Hincapie Gran Fondo race report

The alarm woke me (and Karel) up at 5:30am so that I had time to eat a pre-race/event meal (2 waffles + PB, syrup and banana for me) and to warm-up with a cup of coffee.

My athlete/good friend Meredith arrived to our house (via car) at 7am and we all drove to the parking area for the Hincapie Gran Fondo, about 20 minutes away. I rode with Meredith to chat about the execution for the "fun" 80-mile bike event while Karel followed in his car.

I'm sure you can agree with me when I say that you can't help but get excited when you see other like-minded individuals doing what you love to do. Despite the mid 40-degree temps, there was a big field full of vehicles, all with bike racks and a road lined with cyclists, heading a mile down the road to Hotel Domestique.
It was very nostalgic as it reminded me of all of the bike events that I went to with Karel. 

After riding our bikes on the hwy for 1 mile (we had the shoulder, which was marked off with cones - again, a well organized event!) we arrived to the hotel around 7:50am, with about 20 minutes to spare before we could position ourselves in the corral.
We dropped off our gear bags, stopped at the port-o-potty one last time and then secured our spot near the front of the corral.....only to wait there for the next 50 minutes.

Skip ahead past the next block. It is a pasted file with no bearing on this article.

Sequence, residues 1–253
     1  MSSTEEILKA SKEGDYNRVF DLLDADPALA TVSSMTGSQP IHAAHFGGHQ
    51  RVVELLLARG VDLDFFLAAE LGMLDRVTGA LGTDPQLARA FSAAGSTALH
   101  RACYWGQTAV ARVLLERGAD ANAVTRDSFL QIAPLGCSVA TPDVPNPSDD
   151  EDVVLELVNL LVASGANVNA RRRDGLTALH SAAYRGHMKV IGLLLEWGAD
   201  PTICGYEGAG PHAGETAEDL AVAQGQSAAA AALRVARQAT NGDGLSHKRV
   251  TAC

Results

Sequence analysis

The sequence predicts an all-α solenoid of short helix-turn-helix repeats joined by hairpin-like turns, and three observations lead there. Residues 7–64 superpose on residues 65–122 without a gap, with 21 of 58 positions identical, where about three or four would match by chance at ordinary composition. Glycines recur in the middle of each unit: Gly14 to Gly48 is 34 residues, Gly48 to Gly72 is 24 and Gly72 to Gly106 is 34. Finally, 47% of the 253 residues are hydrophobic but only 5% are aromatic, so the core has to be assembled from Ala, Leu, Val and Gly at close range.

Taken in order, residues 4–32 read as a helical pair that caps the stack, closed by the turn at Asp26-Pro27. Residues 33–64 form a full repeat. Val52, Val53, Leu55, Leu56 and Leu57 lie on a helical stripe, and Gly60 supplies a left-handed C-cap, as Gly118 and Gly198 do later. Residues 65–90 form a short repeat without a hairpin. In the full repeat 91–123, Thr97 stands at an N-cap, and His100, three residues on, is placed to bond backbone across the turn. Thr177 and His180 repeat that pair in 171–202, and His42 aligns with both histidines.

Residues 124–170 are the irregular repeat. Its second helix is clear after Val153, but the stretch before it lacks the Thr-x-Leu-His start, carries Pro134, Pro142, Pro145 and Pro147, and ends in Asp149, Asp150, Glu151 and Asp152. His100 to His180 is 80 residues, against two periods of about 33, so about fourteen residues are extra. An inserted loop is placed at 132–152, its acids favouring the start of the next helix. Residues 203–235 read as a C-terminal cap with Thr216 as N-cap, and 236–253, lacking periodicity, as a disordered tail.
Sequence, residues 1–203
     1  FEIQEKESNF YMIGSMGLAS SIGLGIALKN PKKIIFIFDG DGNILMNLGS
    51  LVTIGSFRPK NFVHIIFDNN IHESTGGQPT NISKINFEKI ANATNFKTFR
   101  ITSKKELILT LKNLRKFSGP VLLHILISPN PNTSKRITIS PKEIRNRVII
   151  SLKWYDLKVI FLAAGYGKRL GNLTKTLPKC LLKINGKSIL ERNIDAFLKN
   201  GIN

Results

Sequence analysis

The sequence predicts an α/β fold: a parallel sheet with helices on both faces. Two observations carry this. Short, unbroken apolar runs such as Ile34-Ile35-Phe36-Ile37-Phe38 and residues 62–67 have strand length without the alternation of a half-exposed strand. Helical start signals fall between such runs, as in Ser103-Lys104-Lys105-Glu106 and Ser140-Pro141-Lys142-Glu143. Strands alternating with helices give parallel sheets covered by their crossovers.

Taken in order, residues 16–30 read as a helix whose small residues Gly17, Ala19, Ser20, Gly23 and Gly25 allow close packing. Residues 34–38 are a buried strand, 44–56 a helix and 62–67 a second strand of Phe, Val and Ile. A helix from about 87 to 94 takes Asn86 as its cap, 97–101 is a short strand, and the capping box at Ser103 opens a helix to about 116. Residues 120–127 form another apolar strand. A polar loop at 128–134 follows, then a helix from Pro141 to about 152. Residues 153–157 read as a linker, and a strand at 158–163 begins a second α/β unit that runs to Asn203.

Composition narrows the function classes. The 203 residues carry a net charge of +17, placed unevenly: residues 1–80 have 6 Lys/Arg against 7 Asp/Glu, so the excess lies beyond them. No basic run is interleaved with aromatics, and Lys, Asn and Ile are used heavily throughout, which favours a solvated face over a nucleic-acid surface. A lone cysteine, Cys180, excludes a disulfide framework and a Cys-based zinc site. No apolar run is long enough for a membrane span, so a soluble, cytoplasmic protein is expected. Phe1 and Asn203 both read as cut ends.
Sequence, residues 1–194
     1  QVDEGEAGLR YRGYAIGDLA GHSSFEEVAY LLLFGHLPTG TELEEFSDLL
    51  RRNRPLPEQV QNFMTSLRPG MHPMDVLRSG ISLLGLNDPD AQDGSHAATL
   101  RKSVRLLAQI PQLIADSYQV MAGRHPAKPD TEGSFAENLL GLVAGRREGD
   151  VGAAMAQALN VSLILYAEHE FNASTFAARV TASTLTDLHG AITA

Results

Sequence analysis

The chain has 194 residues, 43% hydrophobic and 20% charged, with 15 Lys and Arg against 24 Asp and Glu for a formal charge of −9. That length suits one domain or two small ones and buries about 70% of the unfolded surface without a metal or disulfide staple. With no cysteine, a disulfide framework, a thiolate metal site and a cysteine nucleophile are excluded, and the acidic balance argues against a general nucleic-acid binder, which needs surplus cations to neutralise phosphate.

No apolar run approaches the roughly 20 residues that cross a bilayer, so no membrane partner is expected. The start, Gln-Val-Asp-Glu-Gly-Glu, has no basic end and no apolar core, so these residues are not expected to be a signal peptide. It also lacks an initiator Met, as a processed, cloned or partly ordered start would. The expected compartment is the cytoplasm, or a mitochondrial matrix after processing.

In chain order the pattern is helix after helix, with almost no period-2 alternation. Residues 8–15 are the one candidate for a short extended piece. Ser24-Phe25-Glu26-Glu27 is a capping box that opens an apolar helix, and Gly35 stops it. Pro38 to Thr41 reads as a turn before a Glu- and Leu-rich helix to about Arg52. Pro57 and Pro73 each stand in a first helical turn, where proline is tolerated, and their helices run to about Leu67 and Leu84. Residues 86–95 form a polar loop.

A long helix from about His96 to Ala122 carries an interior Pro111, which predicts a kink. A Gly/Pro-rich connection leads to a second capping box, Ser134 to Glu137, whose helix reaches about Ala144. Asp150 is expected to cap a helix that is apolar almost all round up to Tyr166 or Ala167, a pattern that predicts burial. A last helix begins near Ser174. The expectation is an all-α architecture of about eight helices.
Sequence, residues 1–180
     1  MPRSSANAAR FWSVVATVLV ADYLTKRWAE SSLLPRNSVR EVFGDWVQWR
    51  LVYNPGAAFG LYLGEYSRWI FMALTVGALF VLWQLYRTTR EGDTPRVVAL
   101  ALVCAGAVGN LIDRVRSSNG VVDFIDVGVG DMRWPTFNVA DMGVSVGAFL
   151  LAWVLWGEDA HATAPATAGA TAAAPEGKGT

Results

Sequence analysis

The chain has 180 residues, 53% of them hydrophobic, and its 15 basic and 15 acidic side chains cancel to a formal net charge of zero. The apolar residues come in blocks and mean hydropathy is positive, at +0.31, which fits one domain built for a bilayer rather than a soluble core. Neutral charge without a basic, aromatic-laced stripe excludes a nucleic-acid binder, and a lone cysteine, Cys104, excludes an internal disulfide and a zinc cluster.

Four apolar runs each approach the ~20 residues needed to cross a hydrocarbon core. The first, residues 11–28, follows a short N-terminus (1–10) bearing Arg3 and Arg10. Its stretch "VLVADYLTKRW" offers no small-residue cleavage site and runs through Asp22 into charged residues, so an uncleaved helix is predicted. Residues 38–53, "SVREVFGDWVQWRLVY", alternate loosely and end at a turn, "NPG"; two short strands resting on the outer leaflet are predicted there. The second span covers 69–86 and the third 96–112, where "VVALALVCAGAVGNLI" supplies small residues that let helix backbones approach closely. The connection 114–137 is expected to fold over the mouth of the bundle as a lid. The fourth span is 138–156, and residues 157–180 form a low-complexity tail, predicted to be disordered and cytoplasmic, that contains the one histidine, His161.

Despite the shivering, we had a good time in the corral. We were cracking jokes, I organized some photos on my phone, we took some selfies and we enjoyed listening to the announcer (Chad) get the crowd pumped up for the adventures ahead.

After the pro and VIP call-ups, it was time to start our ride at 9am. It was about 2 minutes later that we finally started to roll our wheels up the hill. The ride stayed neutral for just a short time and then we finally started to pick up speed. 

Although I am calling this a race (start line, finish line, bib number w/ chip = race), I had absolutely no expectations for this event. My number one goal was to give my best effort throughout all 80-miles, ride confidently with my improved bike handling skills and be challenged by the other cyclists who could bring out the best in  me. And I also couldn't wait to climb as I love the feeling of going up a hill (or a mountain). 

The first hour went by fast. It's amazing how one stretch of road can go by so quick when the road is lined with cyclists. I found myself with several small groups of riders but every group seemed to be a bit disorganized with no rotating and breaks in the group. Throughout the entire ride, I made sure to take care of myself with hydration/calories and paying attention to the road and riders ahead of me. I've learned a lot from Karel and three tips that I always remember when riding in groups: